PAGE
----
• October 2015

PR for Restaurants: Does It Have to Be So Hard?

By Hope Katz Gibbs
Founder, Inkandescent Public Relations
Author, PR Rules

According to an Ohio State University study on failed restaurants, 60 percent do not make it past the first year, and 80 percent go under in five years. Why is the restaurant business so tough?

“So many of the restaurants that I save on ‘Restaurant: Impossible’ are in their current situation because of inexperienced, but well-meaning, owners,” said celebrity chef Robert Irvine. Irvine is the host of the business make-over show ‘Restaurant: Impossible.’ “Potential restaurateurs do not realize or appreciate the specific set of demands that come along with owning and running a restaurant. Once realized, it is often way too late.”

“The issue is further compounded,” he continues, “by trying to fix this situation by bringing in someone with experience to save the sinking ship and ebb the money loss. This can be effective, but it also adds more of a financial burden to the bottom line by bringing in someone who expects to be paid relative to their experience.”

Other problems Irvine cites include inexperience, bad people-management skills, a lack of good accounting skills, and spotty customer service.

I’d add bad PR to the list of reasons restaurants don’t survive.

Why? Because most restaurants only push hard to get in the news the first six months they are open. And I never understand that, because a press release to one local publication can be enough to get all the media outlets in town coming through the door. The reason is simple: Everyone loves a new thing.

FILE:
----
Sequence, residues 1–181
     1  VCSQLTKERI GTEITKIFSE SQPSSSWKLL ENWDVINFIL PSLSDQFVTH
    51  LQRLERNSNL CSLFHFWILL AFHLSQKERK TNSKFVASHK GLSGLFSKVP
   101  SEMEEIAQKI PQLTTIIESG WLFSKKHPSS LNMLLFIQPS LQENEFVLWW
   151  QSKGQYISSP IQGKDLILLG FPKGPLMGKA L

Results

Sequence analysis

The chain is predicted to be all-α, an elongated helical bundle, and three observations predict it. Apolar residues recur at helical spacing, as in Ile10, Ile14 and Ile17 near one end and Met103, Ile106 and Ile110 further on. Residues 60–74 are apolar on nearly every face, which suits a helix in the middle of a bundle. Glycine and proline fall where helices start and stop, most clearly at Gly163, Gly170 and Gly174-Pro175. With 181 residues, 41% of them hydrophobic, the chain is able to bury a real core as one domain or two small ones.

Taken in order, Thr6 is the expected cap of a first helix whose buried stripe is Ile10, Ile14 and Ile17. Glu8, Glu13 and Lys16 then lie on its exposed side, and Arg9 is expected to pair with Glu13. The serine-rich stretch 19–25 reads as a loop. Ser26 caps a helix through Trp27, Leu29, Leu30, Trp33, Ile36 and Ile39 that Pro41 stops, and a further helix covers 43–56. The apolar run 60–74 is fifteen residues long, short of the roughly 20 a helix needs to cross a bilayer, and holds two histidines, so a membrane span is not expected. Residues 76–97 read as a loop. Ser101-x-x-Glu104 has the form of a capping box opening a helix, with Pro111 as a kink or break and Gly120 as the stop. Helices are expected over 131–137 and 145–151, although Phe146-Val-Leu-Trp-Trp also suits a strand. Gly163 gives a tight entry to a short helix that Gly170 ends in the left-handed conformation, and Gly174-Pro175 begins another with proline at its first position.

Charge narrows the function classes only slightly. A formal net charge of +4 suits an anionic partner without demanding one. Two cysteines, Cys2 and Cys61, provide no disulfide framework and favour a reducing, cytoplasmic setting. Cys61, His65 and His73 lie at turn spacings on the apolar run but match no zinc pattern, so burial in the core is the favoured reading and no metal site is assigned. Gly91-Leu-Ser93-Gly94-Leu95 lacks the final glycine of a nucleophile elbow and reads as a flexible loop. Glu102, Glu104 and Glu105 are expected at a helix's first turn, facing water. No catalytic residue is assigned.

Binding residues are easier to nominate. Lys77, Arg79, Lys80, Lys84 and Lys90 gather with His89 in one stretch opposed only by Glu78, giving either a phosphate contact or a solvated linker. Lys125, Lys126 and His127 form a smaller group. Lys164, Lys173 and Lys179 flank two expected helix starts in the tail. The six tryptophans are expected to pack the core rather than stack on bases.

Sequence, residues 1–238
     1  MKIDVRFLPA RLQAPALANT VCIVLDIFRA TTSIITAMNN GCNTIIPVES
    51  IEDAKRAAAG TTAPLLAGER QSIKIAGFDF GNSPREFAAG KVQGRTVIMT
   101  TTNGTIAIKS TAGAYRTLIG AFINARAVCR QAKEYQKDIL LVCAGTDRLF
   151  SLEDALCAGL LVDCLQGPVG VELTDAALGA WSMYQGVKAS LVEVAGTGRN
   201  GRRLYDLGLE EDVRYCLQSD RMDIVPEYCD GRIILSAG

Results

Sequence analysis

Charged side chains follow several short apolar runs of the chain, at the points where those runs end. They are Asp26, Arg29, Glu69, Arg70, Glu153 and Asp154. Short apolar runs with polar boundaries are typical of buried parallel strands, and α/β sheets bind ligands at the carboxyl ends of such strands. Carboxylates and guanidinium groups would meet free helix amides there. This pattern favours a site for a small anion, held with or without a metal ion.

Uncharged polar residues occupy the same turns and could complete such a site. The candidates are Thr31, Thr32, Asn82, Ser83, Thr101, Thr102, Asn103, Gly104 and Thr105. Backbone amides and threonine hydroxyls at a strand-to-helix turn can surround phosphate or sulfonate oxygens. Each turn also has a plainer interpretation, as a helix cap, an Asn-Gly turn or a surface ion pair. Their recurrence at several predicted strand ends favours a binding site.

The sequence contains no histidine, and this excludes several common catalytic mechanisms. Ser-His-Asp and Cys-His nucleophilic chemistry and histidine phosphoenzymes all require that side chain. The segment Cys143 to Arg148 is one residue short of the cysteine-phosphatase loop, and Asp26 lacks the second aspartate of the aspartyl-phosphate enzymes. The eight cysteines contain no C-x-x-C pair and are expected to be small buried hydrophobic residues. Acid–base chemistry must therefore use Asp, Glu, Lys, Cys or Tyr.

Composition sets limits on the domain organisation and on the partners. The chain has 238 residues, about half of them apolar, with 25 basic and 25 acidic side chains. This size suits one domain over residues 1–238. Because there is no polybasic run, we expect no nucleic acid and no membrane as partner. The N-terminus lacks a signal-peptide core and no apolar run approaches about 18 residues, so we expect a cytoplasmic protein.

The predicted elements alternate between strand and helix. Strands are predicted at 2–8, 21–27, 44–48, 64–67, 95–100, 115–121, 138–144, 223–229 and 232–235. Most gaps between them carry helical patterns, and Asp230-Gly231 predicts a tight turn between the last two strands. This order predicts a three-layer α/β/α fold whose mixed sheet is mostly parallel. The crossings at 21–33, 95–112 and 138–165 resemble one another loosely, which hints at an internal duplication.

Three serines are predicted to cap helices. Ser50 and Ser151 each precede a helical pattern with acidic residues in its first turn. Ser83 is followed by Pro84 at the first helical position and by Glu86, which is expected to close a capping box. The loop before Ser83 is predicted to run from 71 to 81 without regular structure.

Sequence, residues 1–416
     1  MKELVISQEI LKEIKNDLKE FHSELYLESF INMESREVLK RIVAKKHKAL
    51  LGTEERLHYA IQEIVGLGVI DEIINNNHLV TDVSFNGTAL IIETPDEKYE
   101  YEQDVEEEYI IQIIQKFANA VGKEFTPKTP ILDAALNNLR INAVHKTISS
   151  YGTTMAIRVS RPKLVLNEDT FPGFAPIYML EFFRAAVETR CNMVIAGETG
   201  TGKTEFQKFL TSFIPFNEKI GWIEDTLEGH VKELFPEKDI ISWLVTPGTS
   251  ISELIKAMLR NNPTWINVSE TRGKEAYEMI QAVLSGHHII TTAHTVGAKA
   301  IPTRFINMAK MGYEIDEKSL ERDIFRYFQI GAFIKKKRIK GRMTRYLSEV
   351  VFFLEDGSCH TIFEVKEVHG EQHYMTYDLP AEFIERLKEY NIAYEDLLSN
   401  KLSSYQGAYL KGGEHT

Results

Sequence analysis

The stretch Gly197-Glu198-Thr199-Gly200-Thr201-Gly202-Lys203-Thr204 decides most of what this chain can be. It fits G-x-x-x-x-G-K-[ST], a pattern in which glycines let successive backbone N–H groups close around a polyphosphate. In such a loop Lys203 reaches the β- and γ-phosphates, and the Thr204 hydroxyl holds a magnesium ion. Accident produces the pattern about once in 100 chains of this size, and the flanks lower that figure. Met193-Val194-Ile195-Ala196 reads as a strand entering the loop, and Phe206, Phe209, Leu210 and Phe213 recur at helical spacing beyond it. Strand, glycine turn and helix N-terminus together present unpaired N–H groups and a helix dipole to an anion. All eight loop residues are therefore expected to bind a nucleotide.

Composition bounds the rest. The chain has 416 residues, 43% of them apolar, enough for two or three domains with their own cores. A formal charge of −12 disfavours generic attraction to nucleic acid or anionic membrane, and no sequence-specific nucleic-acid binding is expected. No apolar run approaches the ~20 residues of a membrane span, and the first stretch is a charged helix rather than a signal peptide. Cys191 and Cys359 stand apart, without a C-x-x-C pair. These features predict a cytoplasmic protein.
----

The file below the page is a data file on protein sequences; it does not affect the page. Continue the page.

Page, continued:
Six months later, though, the story is different. You are no longer the new kid on the block. And unless you do something really amazing — like win Best Burger in town, as did Richmond’s Brux’l Cafe — or there’s a fire in the kitchen — you likely aren’t going to make the news more than once.

So how do you keep the people coming through the door?

Try the 8 Steps to PR Success

1. Create a stunning website. This is your door opener, and if your site isn’t full of delicious photos of your food — how will patrons who haven’t been to your place know what they are in for? Make their mouths water before they even make a reservation. And use the homepage to share specials, awards, and honors, and anything else that’s fun and interesting enough to draw them in.

2. Develop an explosive PR campaign. Easier said than done? Being strategic makes it easier. Social media is free, but it is time-consuming to feed that monster every day. So assign one of your team members who can write, and has a sense of what your customers want to know, to the task. They also can create a simple, single-article news blast that goes out once a week and features specials, events, and other temptations that will get customers through the door.

3. Make a splash in the news. As you now know, after that initial rush of interest, it’s tough to get reporters to care about your restaurant — after all, there are likely hundreds of competitors in your town. So take the bull by the horns — and advertise. Create a reasonable budget ($1,000-$2,500/month for a small business). Placing small ads in a lot of local publications is often a good option. Radio and TV are even better. And, most TV stations feature cooking segments on their noon shows. Call the producer to get on the roster and volunteer to appear. Also invest in creating a good video (it will cost you about $5,000) to show off your chef. Post it on your website, social media pages, and YouTube. Remember this aphorism: If you can’t bring Muhammad to the mountain, bring the mountain to Muhammad.